• 143. If people are going to get serious about transformation, honest assessments in the field of youth work are needed in order to determine what practitioners are doing well and where practitioners need to make significant improvements. The words of Klopovic et al ring clear, We need to confront our critical failings. We need to ask probing questions. We need to consider realistic answers. And, most important, we have to resolve to move in a productive direction. So let us think analytically and critically about how we currently try to address social ills, especially social dysfunction, with a view to understanding how to do things more productively”21 Faith-based mentoring becomes transformational mentoring when the mentors exhibit some or all of the behaviors that are calling-based, incarnational, reflective, servant, contextual, global, shalom, and prophetic. 21 James Klopovic, Michael Vasu, and Douglas Yearwood, Effective Program Practices for At- Risk Youth: A Continuum of Community-based Programs (Kingston, NJ: Civic Research Institute, 2003), PI-1. 130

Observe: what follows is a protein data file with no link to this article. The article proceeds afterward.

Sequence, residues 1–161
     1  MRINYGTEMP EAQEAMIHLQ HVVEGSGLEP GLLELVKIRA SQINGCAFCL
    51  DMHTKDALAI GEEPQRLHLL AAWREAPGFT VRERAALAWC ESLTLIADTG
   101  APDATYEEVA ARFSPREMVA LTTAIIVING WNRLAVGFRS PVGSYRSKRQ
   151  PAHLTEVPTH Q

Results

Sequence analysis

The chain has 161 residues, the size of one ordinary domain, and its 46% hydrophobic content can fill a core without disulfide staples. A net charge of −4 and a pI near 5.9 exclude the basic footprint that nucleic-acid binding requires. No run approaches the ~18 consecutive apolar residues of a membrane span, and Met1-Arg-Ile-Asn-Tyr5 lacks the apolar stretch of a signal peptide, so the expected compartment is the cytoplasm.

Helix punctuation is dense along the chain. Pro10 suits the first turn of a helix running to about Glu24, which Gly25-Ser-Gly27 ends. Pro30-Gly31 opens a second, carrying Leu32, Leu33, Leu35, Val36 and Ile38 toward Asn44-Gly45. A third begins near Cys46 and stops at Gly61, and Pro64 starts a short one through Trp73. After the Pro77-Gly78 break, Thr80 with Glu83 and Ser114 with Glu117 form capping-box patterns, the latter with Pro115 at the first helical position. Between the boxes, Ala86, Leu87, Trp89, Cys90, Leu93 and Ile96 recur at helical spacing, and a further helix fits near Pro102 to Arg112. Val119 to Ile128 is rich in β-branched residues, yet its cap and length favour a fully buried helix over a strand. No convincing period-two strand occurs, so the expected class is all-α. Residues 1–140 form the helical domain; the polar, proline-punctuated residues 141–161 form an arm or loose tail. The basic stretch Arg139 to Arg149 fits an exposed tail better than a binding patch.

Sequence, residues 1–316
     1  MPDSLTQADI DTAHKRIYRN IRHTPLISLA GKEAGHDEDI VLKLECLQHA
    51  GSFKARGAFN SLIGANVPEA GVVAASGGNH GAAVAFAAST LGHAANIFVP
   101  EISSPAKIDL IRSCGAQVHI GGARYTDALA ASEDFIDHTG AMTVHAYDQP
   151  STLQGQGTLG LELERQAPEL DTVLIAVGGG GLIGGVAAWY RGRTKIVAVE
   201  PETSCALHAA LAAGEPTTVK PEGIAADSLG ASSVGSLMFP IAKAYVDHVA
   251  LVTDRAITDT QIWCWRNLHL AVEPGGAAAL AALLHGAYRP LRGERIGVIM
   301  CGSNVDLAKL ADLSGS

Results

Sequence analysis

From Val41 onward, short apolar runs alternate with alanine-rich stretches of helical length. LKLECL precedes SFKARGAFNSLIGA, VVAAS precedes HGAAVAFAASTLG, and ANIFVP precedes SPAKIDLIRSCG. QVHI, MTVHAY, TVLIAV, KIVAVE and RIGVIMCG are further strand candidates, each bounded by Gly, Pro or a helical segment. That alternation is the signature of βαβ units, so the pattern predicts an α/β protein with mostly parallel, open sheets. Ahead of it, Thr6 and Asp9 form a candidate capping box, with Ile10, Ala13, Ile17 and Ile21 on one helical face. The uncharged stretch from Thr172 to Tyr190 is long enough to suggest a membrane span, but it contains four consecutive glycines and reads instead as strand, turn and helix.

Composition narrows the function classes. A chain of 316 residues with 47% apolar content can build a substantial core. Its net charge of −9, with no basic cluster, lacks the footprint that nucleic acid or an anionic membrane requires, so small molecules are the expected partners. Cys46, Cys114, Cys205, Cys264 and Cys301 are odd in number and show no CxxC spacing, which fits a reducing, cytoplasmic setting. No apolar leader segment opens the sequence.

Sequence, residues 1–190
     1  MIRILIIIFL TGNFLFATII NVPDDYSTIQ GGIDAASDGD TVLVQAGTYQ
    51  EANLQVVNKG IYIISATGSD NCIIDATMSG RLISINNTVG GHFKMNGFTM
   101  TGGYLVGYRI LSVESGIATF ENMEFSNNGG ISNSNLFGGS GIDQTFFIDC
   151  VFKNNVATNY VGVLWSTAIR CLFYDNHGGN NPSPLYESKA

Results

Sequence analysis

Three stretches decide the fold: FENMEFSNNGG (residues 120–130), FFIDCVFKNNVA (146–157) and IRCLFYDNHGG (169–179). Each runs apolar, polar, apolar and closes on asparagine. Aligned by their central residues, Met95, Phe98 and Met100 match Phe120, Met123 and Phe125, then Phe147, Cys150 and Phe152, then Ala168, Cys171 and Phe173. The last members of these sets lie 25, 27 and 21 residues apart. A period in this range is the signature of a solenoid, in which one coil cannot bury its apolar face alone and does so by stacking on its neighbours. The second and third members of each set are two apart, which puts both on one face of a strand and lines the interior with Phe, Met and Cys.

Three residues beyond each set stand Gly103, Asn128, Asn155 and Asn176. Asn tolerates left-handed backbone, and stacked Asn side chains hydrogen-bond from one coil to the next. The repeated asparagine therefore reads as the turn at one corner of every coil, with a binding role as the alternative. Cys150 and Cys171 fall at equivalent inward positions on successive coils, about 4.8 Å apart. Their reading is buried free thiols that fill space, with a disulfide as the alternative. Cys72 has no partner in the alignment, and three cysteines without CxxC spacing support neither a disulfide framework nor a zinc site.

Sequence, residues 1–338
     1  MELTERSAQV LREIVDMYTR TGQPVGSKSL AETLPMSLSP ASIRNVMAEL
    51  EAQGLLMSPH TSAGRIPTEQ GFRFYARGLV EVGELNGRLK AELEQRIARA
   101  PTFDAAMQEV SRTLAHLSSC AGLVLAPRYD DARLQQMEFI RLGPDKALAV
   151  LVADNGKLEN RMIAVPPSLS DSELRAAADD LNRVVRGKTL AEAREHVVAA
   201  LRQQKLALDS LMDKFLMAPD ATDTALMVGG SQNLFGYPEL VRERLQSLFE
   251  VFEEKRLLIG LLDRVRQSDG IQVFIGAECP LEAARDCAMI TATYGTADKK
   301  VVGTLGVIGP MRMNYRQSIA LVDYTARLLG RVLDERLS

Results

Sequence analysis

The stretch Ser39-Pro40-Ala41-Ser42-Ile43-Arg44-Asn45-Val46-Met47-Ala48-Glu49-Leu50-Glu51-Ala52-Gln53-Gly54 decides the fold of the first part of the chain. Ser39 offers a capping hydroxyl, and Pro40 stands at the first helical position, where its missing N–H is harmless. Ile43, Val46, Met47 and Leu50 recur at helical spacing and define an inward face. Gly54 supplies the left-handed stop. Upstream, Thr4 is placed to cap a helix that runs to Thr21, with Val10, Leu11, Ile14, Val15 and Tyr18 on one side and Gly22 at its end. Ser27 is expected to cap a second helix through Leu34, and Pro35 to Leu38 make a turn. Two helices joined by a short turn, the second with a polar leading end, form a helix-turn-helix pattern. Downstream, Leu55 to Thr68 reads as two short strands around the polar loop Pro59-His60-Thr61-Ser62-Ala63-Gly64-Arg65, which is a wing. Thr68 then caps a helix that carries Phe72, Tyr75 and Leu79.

• 144. CHAPTER 7. CONCLUSION Principles Learned Faith-based mentoring leads to a process of transformation in the lives of at-risk youth through the building of life-changing developmental assets. The keys to successful faith-based mentoring involve consistency and commitment to meaningful relational time together over a number of years. Mentors with a strong relationship with Jesus Christ become transformational mentors because their mentoring is intentionally calling-based, incarnational, reflective, servant, contextual, global, shalom, and prophetic. Faith-based mentoring relationships can, however, actually harm the lives of at- risk youth when the matches are not set up correctly. Relationships that only last for a matter of months, and the national average of mentoring relationships in America is only seven months, tend to cause harm to at-risk young people who experience a great deal of pain when adults that they trust go in and out of their lives. Any type of intervention or support for high-risk youth that causes harm to the people being served should be stopped immediately. These principles hold true for the Learning and Mentoring Partnership in Pittsburgh. The high-risk youth in Homewood who have had faith-based mentors involved in their lives for at least one year demonstrated progress with regard to measurable signs of transformation such as increased academic performance and behavior at school. Also, mentees demonstrated courage and resilience while experiencing urban poverty due to their developmental assets being built through the course of effective mentoring. 132